I ordered one of the scanners you mentioned. I'll let you know how impressed I am.

  6. #26
    Vulture of The Western World Eric's Avatar
    Join Date
    Jul 2006
    Location
    The Land of The Edentulites
    Posts
    22,705

    Re: A Ford clue...

    Quote Originally Posted by mrblanche
    Quote Originally Posted by DonTom
    Most high tech stuff is cheap these days. It's just that there is so much of it that was never in cars before.
    Really? Did you notice that I pointed out the little sensor that caused my problem was $80 with tax, and that Ford is having trouble with them dying every 30,000 miles? You can get them for $30 at Auto Zone, and it may last 10,000 miles. If I had taken it to Ford rather than doing it myself, the total bill would have approached $200.

    I ordered one of the scanners you mentioned. I'll let you know how impressed I am.
    Now compare this with the cost of entire TH350 automatic transmission - which you can buy from Summit Racing for about $500.


  7. #27
    DonTom
    Guest

    Re: A Ford clue...

    "Really? Did you notice that I pointed out the little sensor that caused my problem was $80 with tax, and that Ford is having trouble with them dying every 30,000 miles? You can get them for $30 at Auto Zone, and it may last 10,000 miles. If I had taken it to Ford rather than doing it myself, the total bill would have approached $200.

    I ordered one of the scanners you mentioned. I'll let you know how impressed I am."


    I think of $80.00 as being cheap these days. That $80.00 will get me less than a half of tank of gas in my RV, or a little over a full tank of gasoline in my SUV or truck. BTW, dealers are a big rip off. I avoid them. If I MUST go to them for service, I may just junk the vehicle instead. However, the one time I should have gone to a dealer, I ripped myself off by not doing such when I had the same code as you had in my 2002 Mustang (the CA 5 year warranty). BTW, did you mean 100K ar Auto Zone, or did you mean 10K just as you said above?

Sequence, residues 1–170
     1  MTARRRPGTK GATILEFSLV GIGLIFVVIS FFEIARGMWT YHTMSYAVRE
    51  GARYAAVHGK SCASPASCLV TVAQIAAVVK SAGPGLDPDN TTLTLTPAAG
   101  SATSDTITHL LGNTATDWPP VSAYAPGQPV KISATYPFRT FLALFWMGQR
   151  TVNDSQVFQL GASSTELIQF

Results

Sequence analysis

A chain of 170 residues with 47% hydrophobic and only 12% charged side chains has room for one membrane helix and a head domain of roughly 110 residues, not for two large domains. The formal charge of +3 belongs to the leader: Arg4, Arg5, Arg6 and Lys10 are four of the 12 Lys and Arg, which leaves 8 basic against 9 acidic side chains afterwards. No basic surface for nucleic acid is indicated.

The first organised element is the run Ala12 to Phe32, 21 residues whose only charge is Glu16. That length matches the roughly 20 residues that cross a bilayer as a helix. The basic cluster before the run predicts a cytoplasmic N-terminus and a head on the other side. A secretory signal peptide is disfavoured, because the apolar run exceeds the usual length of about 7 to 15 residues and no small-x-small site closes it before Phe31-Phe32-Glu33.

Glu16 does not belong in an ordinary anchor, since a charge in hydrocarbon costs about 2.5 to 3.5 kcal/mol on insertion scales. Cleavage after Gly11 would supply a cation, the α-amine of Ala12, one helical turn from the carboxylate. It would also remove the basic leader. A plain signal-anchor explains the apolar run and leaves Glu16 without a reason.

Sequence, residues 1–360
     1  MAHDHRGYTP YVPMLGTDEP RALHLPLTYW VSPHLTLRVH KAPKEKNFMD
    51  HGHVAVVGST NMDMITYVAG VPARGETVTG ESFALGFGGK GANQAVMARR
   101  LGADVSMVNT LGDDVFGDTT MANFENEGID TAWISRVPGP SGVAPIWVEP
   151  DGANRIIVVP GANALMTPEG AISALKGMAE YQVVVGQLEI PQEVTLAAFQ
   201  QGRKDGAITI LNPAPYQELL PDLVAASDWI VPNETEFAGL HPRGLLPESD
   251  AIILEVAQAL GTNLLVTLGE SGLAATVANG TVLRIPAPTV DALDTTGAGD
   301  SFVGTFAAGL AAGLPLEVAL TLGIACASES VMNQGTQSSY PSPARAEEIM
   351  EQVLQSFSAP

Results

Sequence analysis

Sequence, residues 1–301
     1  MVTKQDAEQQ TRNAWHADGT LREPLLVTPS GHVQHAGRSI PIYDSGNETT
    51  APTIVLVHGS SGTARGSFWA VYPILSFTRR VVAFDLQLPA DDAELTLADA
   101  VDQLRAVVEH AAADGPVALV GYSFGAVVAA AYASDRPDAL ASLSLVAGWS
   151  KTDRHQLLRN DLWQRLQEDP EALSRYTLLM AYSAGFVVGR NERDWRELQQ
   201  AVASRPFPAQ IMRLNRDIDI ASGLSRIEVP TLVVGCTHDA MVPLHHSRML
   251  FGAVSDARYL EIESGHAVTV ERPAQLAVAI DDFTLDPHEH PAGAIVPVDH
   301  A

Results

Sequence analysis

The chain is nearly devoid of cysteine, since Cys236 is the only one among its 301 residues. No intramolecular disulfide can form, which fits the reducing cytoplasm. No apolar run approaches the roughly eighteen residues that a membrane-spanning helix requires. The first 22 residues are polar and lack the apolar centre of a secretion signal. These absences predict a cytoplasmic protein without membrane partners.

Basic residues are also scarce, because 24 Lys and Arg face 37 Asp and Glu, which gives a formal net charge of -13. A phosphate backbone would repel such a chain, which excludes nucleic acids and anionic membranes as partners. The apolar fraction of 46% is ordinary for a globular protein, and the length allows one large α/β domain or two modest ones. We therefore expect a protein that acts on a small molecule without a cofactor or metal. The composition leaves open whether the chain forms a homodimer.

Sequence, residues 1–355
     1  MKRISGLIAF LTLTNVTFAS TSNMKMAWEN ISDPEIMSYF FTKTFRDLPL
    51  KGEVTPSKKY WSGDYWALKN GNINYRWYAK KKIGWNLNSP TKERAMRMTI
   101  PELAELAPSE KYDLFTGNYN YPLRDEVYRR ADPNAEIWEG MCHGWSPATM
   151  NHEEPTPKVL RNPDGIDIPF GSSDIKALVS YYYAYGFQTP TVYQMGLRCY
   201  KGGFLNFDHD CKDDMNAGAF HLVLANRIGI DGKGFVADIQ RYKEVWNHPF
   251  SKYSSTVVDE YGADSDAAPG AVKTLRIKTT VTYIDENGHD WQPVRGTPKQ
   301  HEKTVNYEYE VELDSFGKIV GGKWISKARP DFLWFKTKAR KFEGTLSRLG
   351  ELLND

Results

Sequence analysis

The 1999 Mustang has the same part made from metal and the new replacement part for the 2002 is a bit larger than the one that failed. I assumed it will last longer, even though it's still made from cheap plastic.

    The OBD2 reader won't impress you too much, but it will do a job that you could not do without it. As I explained before, you cannot guess OBD2 codes. There are way too many possibilities, but especially in CA models.

    The main problem you will have is when you do get a check engine light, you may need a few service manuals to fix it, even when you have the code and know what the basic problem is. One book might tell you the problem and another might tell you where to look for the problem part, etc. But I have books for my 2002 Ford that will work for most of your codes on your 2002 Ford, so I should be able to help with at least some OBD2 problems. I have had my share of them.